The look of pain and astonishment upon my face said plainly enough to Gwen:
“Your father is dead.” I could not speak. In the presence of her great affliction we all stood silent, and with bowed heads. I had thought Darrow’s attack the result of an overwrought mental condition which would speedily readjust itself, and had so counted upon his daughter’s influence as all but certain to immediately result in a temporary cure. When, therefore, I found him dead without any apparent cause, I was, for the time being, too dazed to think, much less to act, and I think the other gentlemen were quite as much incapacitated as I. My first thought, when I recovered so that I could think, was of Gwen. I felt sure her reason must give way under the strain, and I thought of going nearer to her in case she should fall, but refrained when I noticed that Maitland had noiselessly glided within easy reach of her. To move seemed impossible to me. Such a sudden transition from warm, vigorous life to cold, impassive death seems to chill the dynamic rivers of being into a horrible winter, static and eternal. Though death puts all things in the past tense, even we physicians cannot but be strangely moved when the soul thus hastily deserts the body without the usual farewell of an illness.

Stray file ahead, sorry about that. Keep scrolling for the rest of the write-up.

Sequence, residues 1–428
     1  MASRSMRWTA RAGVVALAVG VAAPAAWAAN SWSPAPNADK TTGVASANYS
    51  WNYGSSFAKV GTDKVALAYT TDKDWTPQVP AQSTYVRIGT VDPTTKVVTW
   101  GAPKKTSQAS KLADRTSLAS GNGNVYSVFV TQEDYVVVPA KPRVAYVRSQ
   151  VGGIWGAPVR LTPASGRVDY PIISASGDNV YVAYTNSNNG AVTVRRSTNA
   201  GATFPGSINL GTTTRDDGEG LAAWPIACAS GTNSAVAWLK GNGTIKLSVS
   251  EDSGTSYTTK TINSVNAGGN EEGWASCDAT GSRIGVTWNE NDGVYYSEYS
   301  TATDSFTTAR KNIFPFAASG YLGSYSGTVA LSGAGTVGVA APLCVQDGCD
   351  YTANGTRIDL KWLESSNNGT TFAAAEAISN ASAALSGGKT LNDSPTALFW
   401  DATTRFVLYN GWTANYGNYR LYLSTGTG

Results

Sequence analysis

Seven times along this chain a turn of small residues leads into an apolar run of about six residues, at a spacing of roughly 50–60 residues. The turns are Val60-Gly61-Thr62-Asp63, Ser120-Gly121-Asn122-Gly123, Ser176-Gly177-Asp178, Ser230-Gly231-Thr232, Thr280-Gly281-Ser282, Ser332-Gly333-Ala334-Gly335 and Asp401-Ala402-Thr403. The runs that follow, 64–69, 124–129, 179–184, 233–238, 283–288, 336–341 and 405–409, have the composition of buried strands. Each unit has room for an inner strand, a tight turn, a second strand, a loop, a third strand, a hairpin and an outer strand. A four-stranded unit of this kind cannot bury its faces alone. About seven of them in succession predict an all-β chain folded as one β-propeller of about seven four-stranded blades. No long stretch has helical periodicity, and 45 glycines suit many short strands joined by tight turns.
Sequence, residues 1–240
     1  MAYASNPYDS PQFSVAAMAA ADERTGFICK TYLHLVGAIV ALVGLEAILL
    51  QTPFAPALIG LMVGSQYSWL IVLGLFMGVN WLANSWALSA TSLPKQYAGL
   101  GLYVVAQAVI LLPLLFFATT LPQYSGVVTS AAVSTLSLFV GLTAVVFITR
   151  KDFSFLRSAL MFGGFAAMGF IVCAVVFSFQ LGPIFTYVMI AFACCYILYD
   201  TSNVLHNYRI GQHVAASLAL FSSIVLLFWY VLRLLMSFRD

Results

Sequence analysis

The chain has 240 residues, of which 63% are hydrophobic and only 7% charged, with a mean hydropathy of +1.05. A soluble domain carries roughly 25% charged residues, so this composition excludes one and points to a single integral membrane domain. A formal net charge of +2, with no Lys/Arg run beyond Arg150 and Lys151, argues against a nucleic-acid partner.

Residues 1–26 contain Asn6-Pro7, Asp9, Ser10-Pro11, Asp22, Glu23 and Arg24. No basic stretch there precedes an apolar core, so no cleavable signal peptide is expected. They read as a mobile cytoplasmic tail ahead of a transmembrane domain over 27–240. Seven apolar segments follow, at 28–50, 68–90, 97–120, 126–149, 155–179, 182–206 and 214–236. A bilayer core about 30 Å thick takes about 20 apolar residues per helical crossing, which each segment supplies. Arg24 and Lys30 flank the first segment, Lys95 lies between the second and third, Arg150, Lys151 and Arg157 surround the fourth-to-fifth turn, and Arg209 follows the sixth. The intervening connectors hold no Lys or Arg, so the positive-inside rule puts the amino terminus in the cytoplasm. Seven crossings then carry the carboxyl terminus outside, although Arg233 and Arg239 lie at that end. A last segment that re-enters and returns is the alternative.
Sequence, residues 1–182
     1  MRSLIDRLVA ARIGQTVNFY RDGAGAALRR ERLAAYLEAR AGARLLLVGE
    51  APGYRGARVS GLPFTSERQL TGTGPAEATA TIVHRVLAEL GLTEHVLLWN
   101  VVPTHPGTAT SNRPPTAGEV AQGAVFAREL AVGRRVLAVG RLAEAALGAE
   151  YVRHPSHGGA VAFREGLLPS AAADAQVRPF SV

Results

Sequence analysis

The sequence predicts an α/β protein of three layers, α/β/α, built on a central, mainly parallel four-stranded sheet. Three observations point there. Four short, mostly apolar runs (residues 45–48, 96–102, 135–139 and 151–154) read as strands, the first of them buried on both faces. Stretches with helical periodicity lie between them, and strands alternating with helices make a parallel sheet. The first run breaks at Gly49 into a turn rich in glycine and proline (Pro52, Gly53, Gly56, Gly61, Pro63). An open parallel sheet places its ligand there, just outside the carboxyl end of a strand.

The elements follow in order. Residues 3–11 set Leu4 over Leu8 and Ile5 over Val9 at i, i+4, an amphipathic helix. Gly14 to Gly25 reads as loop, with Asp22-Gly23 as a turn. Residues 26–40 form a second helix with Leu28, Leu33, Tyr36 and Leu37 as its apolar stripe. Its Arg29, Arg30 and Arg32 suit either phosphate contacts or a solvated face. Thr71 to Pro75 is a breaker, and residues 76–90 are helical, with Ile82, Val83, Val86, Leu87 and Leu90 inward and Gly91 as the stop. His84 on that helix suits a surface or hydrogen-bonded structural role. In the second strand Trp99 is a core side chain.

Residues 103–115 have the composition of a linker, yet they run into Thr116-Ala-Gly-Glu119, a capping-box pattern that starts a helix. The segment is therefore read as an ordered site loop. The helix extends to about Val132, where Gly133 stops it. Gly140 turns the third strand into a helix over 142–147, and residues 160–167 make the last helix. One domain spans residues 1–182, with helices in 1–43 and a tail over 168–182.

Contrary to my expectations Gwen did not faint. For a long time, —it may not have been more than twenty minutes, but it seemed, under the peculiar circumstances, at least an hour,—she remained perfectly impassive. She neither changed colour nor exhibited any other sign of emotion. She stood gazing quietly, tenderly, at her father’s body as if he were asleep and she were watching for some indication of his awakening. Then a puzzled expression came over her countenance. There was no trace of sorrow in it, only the look of perplexity. I decided to break the gruesome silence, but the thought of how my own voice would sound in that awe-inspired stillness frightened me. Gwen herself was the first to speak. She looked up with the same impassive countenance, from which now the perplexed look had fled, and said simply:
“Gentlemen, what is to be done?” Her voice was firm and sane,—that it was pitched lower than usual and had a suggestion of intensity in it, was perfectly natural. I thought she did not realise her loss and said: “He has gone past recall.” “Yes,” she replied, “I know that, but should we not send for an officer?” “An officer!” I exclaimed. “Is it possible you entertain a doubt that your father’s death resulted from natural causes?” She looked at me a moment fixedly, and then said deliberately: “My father was murdered!” I was so surprised and pained that, for a moment, I could not reply, and no one else sought to break the silence.